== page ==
I’ve taken Manhattan, but I’m leaving it behind

Skyline

New York City has captivated me since I first moved here in 1970.

Like everyone who appreciates the city, I have celebrated its universally acknowledged virtues — the myriad restaurants, the energy, all types of diversity, the stimulation that almost every block offers, the glorious parks, the vast range and high quality of cultural offerings, the climate of creativity along with residents whose intellect can be challenging, whose openness is endearing and whose directness can be refreshing.

I left Manhattan once, in 1995, to undertake a new and rewarding project in Washington, D.C. for the U.S. government.  I expected to be away for just a year, but that year stretched into 11 years, the last four of which unexpectedly involved a detour from communications, public education and journalism into what became a thriving real estate business.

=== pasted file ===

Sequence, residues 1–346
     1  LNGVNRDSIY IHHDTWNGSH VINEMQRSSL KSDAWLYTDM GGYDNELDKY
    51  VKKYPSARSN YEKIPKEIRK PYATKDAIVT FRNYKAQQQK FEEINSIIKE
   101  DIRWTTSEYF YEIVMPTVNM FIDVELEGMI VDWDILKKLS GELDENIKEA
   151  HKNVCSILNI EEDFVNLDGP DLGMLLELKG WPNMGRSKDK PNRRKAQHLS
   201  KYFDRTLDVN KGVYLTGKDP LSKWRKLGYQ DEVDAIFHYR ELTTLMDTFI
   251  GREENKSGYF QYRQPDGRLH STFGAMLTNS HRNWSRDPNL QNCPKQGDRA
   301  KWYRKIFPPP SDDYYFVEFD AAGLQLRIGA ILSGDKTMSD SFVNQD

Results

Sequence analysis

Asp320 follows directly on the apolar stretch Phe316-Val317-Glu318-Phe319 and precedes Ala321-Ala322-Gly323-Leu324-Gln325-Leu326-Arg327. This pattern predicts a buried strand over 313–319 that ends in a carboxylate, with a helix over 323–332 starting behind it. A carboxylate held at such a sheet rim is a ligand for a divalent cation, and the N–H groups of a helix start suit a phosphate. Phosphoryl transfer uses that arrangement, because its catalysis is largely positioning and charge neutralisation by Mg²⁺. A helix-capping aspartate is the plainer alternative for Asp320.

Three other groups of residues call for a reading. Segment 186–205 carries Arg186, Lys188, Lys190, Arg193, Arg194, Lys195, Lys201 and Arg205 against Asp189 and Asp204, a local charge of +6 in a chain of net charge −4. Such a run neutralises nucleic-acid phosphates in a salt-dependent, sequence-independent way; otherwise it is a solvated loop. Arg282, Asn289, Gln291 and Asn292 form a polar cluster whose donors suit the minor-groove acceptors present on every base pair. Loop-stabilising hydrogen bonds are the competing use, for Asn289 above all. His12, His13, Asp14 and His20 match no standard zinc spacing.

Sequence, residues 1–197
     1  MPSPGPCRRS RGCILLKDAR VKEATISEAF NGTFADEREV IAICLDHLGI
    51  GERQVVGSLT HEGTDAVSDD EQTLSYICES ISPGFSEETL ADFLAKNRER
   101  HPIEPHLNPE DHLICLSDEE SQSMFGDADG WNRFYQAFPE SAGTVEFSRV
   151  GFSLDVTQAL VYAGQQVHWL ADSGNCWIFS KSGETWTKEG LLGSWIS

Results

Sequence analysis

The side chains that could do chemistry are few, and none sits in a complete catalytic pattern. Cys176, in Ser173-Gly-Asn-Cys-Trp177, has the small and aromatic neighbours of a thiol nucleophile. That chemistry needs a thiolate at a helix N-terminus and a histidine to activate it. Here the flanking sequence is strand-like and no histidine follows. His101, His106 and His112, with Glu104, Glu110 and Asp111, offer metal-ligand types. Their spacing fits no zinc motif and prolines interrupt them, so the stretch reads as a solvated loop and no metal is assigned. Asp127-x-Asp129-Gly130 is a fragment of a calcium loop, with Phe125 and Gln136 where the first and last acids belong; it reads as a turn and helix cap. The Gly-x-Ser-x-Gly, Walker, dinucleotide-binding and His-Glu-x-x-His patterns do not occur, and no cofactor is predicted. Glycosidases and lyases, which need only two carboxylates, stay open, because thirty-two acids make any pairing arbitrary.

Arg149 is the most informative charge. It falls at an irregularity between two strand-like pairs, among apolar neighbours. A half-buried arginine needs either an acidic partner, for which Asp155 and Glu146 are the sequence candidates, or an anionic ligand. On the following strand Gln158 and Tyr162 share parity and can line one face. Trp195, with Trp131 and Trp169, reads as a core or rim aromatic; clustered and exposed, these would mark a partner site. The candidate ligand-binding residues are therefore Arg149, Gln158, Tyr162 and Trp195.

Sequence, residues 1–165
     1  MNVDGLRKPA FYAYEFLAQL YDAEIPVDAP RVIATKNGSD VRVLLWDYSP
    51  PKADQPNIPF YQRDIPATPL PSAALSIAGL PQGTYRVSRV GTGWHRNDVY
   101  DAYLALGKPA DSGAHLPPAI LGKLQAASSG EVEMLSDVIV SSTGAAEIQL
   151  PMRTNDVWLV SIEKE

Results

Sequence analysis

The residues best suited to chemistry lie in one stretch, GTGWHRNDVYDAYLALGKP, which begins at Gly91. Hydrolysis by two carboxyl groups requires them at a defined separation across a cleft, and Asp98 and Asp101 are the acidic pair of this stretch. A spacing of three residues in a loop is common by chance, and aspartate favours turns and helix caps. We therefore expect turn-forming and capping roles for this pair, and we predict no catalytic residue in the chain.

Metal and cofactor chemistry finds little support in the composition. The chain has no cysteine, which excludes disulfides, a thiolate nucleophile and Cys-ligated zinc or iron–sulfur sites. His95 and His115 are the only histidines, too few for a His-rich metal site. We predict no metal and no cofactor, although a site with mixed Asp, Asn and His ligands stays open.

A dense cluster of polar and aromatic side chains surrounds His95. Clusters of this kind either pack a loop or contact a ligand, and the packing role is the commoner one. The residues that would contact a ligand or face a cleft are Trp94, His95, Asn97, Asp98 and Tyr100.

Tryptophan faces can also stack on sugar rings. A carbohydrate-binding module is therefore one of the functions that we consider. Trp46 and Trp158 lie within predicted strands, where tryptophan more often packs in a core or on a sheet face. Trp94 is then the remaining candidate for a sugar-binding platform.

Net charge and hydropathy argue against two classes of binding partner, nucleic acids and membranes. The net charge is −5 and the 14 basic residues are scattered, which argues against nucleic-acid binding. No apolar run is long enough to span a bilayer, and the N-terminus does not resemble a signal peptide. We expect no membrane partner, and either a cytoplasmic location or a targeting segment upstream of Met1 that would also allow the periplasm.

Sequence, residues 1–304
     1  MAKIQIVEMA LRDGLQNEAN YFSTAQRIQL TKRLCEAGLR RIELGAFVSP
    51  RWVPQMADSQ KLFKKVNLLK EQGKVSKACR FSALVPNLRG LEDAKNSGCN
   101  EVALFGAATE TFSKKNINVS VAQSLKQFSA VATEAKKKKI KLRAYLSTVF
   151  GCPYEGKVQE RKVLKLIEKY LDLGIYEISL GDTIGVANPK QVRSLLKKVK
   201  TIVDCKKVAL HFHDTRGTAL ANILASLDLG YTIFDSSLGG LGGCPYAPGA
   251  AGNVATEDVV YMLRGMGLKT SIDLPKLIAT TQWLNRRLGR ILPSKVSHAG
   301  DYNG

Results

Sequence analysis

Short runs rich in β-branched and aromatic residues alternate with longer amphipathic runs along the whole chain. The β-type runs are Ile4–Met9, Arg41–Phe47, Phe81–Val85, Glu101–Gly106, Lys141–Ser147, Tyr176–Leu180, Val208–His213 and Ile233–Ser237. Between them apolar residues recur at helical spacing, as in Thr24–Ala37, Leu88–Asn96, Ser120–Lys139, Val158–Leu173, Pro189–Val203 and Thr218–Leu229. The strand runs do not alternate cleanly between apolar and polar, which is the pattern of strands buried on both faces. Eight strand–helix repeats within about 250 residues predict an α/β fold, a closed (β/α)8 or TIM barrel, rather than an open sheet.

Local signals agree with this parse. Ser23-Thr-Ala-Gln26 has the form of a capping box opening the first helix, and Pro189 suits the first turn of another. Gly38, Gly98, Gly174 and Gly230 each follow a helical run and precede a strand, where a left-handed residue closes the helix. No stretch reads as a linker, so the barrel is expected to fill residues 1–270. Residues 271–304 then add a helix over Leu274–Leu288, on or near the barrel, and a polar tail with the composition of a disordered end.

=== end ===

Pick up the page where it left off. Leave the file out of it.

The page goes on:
But I missed the Big Apple, so I gave up that business to start a new one as a real estate broker in Manhattan.  Although returning in 2006 filled me with delight and impressed me with new discoveries, my business never reached the heights that I had achieved in D.C., Maryland and Virginia.  Moreover, the practice of real estate here left me yearning for the level of involvement that it requires in the Washington area, where agents and brokers complete contracts themselves, without a lawyer’s participation.

I have felt — and I am sure I will be accused of hyperbole — that all we do in New York is open and close doors.  True, we counsel, we negotiate (to a limited extent), we analyze the market and we peddle properties.  Yet I have found the demands of the work to be wanting, especially in comparison with D.C.  That’s me.

Despite my lackluster income from real estate in New York, I have somehow managed to acquire substantial assets.  However, I have in recent years become concerned about the chance that I might outlive them.  Continue reading